The noisiest places found yet in the world's oceans are some of the most scenic -- saltwater fjords where glaciers drop chunks of blue-white ice, according to newly published research.
The noise was found mostly at Icy Bay, along the Gulf of Alaska coast, but also at two other sites where calving glaciers are depositing ice into marine waters.
The recordings were captured by devices placed underwater from July 2009 to July 2010 at Icy Bay, for two weeks in May 2009 at Alaska's Yakutat Bay, and for three days in May 2013 at Andvord Bay in Antarctica. The recording devices -- called hydrophones -- were attached to anchored lines and suspended about midway in the water column.
The results were surprising, said Erin Pettit, an assistant professor of glaciology at the University of Alaska Fairbanks and the study's lead author.
The noise starts with a "relatively loud background hissing sound," Pettit said. "Then you add on a not-very-good chorus of triangle players -- 1,000 triangles that aren't working at all."
Much of the noise is generated by air bubbles that are popped open as the ice melts, the researchers found. As pieces of ice calve off glaciers, more noise is added.
The noise from glacier ice at the studied fjord sites is louder than other natural underwater sounds that have been measured -- including noises from sea ice, weather and fish movement or communication. It is even noisier than what has been measured from manmade sources like ship traffic and sonar devices, the researchers said.
The constant ambient noise from the ice might be useful to animals like harbor seals trying to evade the predators that would eat them, Pettit said.
"They seem to use the noisy events as one way to hide from orcas," she said.
But that raises a question about what those prey animals will do when tidewater glaciers retreat so much that they are no longer shedding ice into marine waters, she said. Once that happens, "the sound should go down and then it will get really quiet," she said.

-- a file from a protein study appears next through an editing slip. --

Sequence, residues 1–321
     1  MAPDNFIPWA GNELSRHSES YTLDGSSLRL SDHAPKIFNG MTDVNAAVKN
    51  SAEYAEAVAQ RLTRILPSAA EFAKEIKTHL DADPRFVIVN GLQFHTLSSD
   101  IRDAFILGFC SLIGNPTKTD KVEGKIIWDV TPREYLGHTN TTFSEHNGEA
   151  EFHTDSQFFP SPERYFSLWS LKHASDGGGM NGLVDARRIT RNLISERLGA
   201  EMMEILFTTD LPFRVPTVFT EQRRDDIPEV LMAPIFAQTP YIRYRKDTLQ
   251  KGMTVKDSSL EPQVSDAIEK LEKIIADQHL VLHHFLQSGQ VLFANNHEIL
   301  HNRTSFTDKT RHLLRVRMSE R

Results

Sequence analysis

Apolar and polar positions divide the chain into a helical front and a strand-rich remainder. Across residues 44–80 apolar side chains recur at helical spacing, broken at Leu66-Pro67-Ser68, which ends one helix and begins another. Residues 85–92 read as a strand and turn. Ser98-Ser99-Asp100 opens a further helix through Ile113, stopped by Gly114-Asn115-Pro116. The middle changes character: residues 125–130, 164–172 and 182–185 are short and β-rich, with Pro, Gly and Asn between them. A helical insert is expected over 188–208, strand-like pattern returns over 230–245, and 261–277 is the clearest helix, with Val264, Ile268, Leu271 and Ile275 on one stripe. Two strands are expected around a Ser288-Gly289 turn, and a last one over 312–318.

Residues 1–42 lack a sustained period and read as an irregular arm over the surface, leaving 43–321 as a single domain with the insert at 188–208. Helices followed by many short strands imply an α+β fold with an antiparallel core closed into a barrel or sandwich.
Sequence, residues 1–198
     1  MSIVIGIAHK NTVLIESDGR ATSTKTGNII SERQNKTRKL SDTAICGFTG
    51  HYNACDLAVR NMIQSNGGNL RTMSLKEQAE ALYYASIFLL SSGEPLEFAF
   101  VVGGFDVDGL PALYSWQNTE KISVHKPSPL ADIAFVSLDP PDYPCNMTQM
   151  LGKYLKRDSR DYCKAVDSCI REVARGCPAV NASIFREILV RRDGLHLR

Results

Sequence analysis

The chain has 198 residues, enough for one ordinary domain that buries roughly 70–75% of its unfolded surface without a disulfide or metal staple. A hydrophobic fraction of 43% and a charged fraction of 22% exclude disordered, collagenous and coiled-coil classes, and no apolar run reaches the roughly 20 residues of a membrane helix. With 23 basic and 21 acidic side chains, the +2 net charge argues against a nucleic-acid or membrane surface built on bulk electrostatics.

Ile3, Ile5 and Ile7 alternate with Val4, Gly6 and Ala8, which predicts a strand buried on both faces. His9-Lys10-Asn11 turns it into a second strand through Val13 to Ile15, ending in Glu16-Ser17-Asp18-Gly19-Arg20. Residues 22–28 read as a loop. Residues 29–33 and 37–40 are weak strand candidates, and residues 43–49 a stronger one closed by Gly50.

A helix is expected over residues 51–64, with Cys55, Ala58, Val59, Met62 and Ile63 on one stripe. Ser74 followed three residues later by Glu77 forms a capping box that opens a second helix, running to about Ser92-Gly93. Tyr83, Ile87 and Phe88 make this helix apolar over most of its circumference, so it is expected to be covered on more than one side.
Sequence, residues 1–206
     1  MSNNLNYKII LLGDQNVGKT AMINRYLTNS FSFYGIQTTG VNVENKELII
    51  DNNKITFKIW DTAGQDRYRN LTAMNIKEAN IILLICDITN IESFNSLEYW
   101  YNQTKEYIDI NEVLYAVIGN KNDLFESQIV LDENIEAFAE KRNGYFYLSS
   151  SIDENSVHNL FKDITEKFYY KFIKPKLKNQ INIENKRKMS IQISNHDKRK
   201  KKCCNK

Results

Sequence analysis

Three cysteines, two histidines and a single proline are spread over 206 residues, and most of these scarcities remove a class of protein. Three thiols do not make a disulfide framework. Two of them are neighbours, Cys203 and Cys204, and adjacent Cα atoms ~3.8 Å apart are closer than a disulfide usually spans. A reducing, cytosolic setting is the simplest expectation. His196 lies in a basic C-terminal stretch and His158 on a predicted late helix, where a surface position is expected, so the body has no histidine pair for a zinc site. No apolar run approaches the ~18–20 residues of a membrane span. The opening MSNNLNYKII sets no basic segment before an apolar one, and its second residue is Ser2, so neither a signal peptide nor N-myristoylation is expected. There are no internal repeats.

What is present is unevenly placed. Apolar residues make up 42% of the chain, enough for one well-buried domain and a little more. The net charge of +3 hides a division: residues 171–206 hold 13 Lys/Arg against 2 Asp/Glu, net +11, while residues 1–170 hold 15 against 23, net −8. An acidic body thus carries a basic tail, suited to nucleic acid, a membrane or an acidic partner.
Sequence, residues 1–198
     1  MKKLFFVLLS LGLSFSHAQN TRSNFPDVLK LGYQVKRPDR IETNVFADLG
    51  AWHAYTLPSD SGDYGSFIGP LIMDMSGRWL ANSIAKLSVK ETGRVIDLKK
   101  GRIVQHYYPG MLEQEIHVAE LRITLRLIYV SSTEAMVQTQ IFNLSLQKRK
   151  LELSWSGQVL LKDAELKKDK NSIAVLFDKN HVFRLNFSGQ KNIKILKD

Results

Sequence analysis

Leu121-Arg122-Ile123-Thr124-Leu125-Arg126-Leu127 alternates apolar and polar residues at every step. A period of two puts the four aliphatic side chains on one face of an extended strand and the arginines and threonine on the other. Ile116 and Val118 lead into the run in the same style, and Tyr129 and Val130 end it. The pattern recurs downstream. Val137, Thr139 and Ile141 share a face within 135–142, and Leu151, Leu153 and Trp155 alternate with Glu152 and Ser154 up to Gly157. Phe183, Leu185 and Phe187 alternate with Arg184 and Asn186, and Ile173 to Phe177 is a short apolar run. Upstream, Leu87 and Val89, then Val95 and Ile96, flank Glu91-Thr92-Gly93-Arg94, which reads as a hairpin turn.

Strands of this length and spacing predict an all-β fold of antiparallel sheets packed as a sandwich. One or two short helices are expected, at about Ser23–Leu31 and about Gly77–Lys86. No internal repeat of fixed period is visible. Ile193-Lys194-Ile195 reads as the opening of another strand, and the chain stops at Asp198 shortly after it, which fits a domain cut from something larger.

Already at Glacier Bay National Park, Muir Glacier has retreated far enough to stop calving, though other side glaciers continue to put ice into the marine waters, she said.
Concern about underwater noise and the impacts to marine mammals is growing as far north shipping and oil and gas exploration increases.
Noise from air guns used to conduct underwater seismic surveys -- important to oil and gas exploration -- and other manmade underwater noises tend to be at low frequencies that might affect whales and other marine mammals, Pettit said.
Seismic activities have been shown to alter the behavior of bowhead whales in the Beaufort Sea and hinder singing communications among humpback whales off Angola, for example.
In contrast, Pettit said, the noise from glacier ice, though loud, is at high frequencies, which appear to cause fewer problems for marine mammals.
"So they are not like a big boom-boom-boom that would generate a different response in the whales," she said.
In addition, the ice noise, though it waxes and wanes with seasons, ocean currents and other factors, is something of a fixture in certain areas, and animals can more easily avoid it than they can escape sudden and unexpected sounds from human activities like seismic testing, she said.
Of the studied sites, Icy Bay was the loudest, though results might be skewed by the longer period of time that recordings were made there and by the ability of the scientists to get sound recordings very close to the glacier terminus, Pettit said. The Antarctic site was the least noisy of the three sites studied.
Pettit and her study colleagues -- from the University of Texas, University of Washington and U.S. Geological Survey -- are hoping to learn more about glacier ice and the underwater noise it makes. Pettit said she has a hydrophone in place in Antarctica that has been collecting sound for three years, and there are plans to take recordings by tidewater glaciers in Greenland.